Although Hunnam’s decision can be considered both bold and wussy, it took nerve for Hunnam to walk away from the highly anticipated project. And arguably, it was a wise career move to bail on the movie. (Fans didn’t exactly embrace the casting choice en masse when it was announced.) But if Hunnam’s Jax Teller character ran his motorcycle club with the same kind of flip-floppery, they’d be in even bigger trouble than they are now. – Tim Kenneally
Academy of Motion Pictures Arts and Sciences president Hawk Koch re-hired the producers of 2013′s widely-panned Oscar ceremony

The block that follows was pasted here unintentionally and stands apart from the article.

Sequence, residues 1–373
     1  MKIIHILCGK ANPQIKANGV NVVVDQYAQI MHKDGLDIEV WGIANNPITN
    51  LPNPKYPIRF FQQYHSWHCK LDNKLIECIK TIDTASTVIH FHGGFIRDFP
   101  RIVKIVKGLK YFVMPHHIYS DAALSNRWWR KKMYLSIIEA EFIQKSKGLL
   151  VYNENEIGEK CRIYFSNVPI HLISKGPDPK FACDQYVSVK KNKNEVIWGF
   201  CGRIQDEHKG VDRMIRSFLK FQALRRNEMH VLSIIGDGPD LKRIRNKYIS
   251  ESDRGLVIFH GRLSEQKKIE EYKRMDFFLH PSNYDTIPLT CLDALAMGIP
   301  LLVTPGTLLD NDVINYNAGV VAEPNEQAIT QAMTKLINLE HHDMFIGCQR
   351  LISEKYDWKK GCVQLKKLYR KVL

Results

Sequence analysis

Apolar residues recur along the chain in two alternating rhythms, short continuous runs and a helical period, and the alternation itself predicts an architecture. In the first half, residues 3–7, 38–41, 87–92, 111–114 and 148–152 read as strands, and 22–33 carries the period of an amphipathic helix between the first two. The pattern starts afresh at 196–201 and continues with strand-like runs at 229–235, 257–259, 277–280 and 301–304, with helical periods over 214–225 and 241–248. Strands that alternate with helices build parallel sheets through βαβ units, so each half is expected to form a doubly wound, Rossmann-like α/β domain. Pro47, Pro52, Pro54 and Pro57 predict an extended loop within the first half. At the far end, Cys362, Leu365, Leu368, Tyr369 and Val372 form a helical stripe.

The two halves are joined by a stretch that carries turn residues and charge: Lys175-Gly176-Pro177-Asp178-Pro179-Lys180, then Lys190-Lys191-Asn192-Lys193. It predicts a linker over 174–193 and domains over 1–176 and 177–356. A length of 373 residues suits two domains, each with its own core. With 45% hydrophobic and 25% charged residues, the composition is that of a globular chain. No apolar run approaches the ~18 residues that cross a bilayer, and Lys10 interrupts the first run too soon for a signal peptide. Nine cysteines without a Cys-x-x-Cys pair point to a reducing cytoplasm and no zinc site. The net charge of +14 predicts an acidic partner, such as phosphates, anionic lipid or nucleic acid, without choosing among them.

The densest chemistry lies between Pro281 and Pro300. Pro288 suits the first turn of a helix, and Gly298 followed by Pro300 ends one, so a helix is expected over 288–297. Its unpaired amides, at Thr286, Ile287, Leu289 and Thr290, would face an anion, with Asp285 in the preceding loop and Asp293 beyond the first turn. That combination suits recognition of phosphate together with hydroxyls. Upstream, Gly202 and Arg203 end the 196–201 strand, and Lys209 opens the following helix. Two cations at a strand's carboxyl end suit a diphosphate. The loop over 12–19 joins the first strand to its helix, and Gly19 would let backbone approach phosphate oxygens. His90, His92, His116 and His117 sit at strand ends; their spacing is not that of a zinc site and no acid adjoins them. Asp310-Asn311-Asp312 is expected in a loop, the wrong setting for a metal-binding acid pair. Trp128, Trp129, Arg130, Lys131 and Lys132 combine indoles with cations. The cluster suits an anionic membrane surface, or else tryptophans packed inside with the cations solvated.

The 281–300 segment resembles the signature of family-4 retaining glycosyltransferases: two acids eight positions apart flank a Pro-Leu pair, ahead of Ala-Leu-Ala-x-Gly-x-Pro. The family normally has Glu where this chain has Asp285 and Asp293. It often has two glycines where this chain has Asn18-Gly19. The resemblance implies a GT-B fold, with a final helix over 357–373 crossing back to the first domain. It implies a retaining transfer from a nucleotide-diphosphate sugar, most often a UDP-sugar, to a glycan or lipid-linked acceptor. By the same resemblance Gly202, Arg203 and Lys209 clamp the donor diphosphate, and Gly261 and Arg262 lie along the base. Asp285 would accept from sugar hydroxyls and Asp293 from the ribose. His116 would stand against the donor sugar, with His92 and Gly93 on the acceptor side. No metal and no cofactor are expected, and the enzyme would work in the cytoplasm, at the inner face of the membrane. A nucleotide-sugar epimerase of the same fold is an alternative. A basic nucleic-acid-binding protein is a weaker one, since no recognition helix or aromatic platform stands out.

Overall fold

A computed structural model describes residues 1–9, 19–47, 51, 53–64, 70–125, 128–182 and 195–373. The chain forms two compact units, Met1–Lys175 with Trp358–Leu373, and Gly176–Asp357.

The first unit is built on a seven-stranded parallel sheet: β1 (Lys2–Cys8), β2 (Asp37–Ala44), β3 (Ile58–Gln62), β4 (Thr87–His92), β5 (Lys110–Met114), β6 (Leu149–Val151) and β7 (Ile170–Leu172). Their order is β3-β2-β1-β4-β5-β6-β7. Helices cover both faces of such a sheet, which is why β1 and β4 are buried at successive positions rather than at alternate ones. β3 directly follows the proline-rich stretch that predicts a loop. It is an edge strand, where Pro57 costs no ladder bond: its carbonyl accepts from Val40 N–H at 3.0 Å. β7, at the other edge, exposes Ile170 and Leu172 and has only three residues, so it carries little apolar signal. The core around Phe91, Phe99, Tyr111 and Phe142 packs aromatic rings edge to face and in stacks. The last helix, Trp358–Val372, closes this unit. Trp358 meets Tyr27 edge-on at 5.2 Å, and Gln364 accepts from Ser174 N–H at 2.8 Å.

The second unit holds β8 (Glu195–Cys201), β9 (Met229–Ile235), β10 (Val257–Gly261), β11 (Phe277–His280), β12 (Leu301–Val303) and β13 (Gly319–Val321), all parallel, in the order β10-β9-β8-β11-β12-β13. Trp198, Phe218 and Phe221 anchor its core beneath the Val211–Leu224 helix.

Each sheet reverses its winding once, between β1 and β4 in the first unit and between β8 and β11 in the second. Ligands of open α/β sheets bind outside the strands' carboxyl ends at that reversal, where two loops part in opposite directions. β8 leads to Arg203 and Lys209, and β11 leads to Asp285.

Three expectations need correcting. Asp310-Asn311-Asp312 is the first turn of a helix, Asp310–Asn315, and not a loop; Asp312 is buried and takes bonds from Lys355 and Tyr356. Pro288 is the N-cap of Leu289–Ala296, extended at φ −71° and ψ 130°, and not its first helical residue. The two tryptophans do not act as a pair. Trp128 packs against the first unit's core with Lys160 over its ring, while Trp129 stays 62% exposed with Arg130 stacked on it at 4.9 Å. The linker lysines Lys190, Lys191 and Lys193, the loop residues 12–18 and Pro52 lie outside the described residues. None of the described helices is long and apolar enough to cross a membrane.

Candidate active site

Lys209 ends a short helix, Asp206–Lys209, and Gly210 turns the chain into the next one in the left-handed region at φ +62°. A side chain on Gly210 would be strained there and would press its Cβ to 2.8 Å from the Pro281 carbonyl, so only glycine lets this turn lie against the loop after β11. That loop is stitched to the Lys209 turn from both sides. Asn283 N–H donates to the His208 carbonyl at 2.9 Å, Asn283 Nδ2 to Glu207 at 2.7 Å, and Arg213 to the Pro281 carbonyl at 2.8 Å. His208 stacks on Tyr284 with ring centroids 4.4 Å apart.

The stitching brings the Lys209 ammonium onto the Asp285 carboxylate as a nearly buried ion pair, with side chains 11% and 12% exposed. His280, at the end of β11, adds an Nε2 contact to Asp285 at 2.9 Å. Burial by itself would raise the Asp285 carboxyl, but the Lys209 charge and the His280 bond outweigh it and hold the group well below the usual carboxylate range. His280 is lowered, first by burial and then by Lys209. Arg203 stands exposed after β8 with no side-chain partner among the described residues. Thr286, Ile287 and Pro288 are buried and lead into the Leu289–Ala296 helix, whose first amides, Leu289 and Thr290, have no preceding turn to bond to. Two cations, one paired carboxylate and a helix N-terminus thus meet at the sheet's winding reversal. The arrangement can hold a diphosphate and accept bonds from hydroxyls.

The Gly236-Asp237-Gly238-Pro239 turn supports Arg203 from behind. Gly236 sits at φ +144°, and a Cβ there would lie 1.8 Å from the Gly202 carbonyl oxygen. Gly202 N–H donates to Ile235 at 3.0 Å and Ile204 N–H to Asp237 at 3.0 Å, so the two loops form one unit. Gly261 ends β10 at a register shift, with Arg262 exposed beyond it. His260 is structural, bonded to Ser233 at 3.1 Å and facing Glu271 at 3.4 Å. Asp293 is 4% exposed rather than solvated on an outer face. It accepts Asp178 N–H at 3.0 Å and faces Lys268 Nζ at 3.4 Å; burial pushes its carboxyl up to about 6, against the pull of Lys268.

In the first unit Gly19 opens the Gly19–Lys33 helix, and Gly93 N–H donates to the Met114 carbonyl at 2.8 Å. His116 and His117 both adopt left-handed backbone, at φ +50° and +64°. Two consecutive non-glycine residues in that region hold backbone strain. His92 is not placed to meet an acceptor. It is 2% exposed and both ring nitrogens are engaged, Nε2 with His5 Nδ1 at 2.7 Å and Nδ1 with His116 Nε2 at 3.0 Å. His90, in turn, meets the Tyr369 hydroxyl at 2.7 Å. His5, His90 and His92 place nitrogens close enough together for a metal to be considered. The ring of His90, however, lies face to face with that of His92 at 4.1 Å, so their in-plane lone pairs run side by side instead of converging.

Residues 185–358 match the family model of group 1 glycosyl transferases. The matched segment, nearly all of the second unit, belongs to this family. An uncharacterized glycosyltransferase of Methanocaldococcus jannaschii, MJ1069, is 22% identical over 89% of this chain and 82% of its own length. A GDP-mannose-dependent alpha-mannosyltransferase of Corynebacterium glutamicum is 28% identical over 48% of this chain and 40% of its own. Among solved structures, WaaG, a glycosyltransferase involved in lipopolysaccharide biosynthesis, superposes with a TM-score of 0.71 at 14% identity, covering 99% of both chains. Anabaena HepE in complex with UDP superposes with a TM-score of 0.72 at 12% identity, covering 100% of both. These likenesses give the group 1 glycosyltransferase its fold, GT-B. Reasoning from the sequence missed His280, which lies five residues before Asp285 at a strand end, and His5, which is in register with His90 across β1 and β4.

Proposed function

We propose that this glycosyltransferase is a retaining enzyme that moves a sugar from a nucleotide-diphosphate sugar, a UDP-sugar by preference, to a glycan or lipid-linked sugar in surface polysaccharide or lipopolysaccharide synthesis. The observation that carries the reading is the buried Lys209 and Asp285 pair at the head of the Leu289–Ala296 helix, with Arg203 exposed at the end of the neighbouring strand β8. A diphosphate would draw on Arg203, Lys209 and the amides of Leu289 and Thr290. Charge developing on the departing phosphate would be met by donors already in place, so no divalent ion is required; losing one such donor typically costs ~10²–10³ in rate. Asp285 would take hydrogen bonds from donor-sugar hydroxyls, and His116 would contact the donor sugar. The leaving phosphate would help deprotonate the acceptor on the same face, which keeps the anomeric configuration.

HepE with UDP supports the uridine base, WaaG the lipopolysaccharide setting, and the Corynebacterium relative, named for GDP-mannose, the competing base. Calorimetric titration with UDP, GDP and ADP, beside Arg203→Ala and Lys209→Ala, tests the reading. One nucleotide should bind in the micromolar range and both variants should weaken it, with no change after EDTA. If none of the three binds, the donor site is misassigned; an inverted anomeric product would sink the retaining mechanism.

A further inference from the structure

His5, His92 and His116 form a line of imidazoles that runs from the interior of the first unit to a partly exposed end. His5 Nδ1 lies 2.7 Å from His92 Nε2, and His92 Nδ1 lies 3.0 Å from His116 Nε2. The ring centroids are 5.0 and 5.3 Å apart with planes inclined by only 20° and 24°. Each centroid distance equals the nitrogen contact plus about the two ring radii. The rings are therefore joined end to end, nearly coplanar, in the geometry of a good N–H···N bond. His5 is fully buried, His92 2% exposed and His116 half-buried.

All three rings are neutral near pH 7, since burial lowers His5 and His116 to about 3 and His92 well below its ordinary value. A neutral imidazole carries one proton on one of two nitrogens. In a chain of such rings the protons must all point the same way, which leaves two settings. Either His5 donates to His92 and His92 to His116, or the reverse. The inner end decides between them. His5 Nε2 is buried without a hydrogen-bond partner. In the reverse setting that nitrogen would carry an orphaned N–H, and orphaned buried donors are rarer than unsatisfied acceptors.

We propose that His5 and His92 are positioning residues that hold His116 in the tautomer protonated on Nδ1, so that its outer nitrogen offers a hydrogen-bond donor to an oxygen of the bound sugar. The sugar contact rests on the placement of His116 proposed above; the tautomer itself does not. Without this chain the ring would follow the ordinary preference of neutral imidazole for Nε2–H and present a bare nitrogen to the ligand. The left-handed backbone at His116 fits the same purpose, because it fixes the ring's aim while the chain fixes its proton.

Hiring Craig Zadan and Neil Meron to produce next year’s Academy Awards less than two months after they’d done the job on this year’s show was certainly a bold move by AMPAS president Hawk Koch. He not only brought back producers whose show was widely criticized for an occasionally tacky tone (such as the “We Saw Your Boobs” song from host Seth MacFarlane), but he did so three months before the end of his term as president, depriving successor Cheryl Boone Isaacs of what is normally the first job of an incoming president. Of course, the Zadan/Meron Oscars also got strong ratings (as did the producers’ recent live version of “The Sound of Music” and their “Bonnie and Clyde” miniseries, neither of which were well-liked by critics), so the bold movie was really just a wussy kow-towing to numbers. -- Steve Pond
Miley Cyrus effectively kills “Hannah Montana” image by stripping down and twerking up a storm of controversy: